Saturday, May 12, 2007

Colorado video franchise fight reveals true goal of provider "competition," Comcast's hypocrisy

Here's an interesting story from the Rocky Mountain News that illustrates what the real competition between cable companies and telcos is all about. It's not about which can capture the most customers in a given market -- the traditional measure of market competition -- but rather who can force the other guy to provide service to everyone in a given local government jurisdiction.

Cable provider Comcast insists Denver-based telco Qwest be required to provide broadband video service to everyone in the Colorado municipalities it wants to serve, charging Qwest will leave some neighborhoods unserved if local governments don't require it to do so in exchange for granting Qwest a video franchise. (Note however, hypocritical Comcast does exactly what it accuses Qwest of doing, including in my own El Dorado County, California ZIP code where Comcast serves some neighborhoods but refuses to serve others).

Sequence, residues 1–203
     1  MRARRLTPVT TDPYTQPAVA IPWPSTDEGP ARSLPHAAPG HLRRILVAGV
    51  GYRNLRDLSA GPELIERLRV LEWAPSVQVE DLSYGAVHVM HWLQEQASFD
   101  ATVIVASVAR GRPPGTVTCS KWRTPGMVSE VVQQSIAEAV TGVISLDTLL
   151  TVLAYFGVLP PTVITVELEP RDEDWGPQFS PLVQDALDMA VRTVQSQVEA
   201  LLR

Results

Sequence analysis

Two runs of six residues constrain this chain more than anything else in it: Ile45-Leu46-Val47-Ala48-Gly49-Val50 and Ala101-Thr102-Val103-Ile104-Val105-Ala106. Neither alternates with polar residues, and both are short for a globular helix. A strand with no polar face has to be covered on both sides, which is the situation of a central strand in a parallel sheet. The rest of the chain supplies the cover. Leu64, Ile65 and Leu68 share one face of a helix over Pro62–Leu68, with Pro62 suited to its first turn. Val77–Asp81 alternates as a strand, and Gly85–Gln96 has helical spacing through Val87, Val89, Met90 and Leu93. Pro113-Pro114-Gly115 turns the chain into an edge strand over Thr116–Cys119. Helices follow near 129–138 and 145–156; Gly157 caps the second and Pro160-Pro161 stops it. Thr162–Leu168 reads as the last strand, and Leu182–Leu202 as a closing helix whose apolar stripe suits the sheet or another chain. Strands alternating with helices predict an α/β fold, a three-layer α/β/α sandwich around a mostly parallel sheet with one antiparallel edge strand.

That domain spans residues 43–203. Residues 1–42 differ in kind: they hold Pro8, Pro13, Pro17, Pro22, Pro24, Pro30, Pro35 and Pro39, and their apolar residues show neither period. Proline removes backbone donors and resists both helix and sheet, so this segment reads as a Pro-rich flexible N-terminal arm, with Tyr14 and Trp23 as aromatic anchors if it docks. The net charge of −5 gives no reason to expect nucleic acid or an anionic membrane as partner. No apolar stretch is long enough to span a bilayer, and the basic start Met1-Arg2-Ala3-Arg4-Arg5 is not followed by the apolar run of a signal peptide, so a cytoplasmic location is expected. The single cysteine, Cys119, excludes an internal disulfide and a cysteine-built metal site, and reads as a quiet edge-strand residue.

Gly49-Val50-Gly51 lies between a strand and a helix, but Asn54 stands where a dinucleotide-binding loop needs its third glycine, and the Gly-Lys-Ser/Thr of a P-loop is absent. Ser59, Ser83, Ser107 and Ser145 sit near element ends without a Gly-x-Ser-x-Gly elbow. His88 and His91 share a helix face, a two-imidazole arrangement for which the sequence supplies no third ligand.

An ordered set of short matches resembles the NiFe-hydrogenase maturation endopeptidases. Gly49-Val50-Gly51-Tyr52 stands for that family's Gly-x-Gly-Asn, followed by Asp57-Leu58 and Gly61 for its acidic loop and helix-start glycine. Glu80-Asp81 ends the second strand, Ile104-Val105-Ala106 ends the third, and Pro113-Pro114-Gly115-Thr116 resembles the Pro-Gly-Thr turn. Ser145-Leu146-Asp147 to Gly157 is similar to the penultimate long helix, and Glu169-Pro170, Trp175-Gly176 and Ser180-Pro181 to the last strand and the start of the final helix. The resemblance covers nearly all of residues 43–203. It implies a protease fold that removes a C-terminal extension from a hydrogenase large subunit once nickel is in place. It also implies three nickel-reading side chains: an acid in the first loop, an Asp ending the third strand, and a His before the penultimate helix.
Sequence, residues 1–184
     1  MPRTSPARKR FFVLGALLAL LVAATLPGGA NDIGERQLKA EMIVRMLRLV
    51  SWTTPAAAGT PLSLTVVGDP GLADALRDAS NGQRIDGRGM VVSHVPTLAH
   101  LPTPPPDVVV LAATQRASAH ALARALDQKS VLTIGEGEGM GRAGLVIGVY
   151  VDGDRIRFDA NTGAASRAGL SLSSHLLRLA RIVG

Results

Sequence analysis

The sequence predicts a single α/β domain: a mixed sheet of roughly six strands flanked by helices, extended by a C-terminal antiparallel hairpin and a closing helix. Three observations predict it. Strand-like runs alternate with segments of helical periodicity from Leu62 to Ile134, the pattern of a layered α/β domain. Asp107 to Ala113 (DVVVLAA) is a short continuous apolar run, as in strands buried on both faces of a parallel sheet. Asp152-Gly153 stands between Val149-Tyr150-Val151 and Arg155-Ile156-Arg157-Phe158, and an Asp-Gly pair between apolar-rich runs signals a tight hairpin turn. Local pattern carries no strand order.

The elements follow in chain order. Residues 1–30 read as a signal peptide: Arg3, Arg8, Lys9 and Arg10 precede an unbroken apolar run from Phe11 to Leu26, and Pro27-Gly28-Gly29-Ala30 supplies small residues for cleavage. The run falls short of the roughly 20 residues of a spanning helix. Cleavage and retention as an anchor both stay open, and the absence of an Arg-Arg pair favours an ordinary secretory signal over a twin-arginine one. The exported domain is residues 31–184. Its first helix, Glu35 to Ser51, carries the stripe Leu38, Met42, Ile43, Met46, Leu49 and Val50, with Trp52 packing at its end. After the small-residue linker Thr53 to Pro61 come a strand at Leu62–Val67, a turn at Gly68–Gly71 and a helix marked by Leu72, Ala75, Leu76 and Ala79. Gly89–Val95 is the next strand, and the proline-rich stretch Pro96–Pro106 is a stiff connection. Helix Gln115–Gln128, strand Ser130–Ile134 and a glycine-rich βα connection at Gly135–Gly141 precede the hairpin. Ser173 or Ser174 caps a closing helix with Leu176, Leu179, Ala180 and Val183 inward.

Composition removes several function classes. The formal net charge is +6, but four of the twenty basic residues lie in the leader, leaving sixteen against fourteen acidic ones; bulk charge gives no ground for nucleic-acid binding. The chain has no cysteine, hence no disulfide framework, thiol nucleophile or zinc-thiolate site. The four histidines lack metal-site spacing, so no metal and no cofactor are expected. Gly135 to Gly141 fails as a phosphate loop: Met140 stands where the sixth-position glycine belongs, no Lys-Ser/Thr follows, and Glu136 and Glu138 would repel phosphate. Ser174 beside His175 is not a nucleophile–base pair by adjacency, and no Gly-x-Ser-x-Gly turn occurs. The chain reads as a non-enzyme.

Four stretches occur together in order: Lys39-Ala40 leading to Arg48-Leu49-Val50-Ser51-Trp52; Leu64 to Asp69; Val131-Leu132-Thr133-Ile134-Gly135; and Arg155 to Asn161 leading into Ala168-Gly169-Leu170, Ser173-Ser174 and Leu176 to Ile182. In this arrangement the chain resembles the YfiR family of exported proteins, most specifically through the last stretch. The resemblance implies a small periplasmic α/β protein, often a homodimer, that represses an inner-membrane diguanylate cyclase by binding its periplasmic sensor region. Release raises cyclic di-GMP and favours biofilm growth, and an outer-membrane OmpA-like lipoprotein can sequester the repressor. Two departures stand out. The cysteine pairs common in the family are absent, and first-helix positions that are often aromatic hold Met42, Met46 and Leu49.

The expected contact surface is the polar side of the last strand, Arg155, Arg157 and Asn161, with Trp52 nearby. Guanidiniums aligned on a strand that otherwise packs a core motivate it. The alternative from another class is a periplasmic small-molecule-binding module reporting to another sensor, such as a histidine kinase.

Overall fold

If Colorado local governments force Qwest to serve their entire jurisdictions, the Rocky Mountain News reports Qwest may counter by invoking a recently promulgated Federal Communications Commission rule that Qwest sought prohibiting local governments from imposing "unreasonable" build out requirements on telephone companies seeking franchises to offer enhanced broadband-based video services. The rule also requires local governments to make a decision on a video franchise application within 90 days.


If Qwest presses ahead with this reported effort to accelerate local government video franchise applications, it will set the stage for litigation over the meaning of what constitutes an "unreasonable" build out requirement under the FCC rule. Local governments have already gone to federal court to challenge the rule, contending the FCC overstepped its authority.


Qwest's initiative also marks a quick reversal of a strategy announced earlier this month by CEO Richard Notebaert, who told Bloomberg Qwest planned to hold off offering video over phone lines, concentrating instead on accelerating residential broadband Internet access.

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